Impact of topiramate migraine prophylaxis on workplace productivity: Results from two US randomized, double-blind, placebo-controlled, multicenter trials

Jennifer H. Lofland, Joshua J. Gagne, Laura T. Pizzi, Marcia Rupnow, Stephen D. Silberstein

Research output: Contribution to journalArticlepeer-review

13 Scopus citations

Abstract

OBJECTIVE: We conducted this study to determine whether topiramate at 100 mg/d for the treatment of migraine headache is associated with improved productivity in the workplace. METHODS: Results were derived from two randomized, double-blind, placebo-controlled trials among migraineurs. The number of hours of absenteeism (A), presenteeism (P), and total lost productivity (TLP) (A + P) were calculated. Results were not adjusted for multiplicity. RESULTS: A total of 325 (162 in the topiramate group and 163 in the placebo group) of 449 subjects were included. Per person mean monthly A rate was only significantly less for individuals within the topiramate group (1.0 hours per person) versus those in the placebo group (1.5 hours per person) for month 3 (P < 0.05). Per person mean P and TLP rates were significantly lower for individuals in the topiramate group versus those in the placebo group for months 1 through 5 (P < 0.05). CONCLUSIONS: Findings suggest that topiramate, compared with placebo, is associated with decreased workplace presenteeism and TLP.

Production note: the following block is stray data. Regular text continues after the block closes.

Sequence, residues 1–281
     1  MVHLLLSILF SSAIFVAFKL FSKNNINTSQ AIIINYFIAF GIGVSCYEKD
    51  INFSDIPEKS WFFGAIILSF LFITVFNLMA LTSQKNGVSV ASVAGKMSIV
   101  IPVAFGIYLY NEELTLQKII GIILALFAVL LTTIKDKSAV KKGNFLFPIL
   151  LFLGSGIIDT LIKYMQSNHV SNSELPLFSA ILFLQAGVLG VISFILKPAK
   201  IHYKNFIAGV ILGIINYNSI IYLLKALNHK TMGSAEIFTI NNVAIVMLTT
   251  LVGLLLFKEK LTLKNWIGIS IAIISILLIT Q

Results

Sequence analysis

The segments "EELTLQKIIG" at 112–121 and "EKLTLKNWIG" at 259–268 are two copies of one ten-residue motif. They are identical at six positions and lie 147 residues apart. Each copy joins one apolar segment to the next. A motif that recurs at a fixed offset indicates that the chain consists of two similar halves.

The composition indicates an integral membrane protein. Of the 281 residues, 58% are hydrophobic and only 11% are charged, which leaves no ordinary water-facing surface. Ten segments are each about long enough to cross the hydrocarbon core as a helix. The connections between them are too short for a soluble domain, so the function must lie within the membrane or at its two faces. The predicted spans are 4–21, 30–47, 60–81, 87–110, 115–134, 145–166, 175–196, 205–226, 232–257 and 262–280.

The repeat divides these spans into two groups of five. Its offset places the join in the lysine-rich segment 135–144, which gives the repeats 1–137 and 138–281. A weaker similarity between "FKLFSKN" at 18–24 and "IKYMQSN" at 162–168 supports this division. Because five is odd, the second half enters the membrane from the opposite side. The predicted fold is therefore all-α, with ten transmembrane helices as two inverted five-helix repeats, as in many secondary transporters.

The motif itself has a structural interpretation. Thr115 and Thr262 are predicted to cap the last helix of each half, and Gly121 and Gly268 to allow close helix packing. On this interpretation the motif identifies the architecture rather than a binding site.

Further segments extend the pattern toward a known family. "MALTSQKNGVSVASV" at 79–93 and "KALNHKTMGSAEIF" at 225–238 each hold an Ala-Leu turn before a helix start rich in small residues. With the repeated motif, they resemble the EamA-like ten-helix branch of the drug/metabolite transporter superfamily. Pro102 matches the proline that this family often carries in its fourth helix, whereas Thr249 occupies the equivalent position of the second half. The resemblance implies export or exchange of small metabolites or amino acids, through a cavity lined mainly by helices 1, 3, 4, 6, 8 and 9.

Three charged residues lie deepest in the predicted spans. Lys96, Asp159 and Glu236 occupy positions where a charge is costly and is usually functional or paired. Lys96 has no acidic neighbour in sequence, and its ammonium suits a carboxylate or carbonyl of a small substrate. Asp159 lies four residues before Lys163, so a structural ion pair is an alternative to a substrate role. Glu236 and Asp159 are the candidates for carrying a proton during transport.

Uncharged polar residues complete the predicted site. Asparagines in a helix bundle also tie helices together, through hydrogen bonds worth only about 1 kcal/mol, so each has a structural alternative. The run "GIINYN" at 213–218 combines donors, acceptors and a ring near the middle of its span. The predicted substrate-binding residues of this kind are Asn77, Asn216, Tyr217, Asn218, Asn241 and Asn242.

Original languageEnglish (US)
Pages (from-to)252-257
Number of pages6
JournalJournal of occupational and environmental medicine
Volume49
Issue number3
DOIs
StatePublished - Mar 2007

All Science Journal Classification (ASJC) codes

  • Public Health, Environmental and Occupational Health

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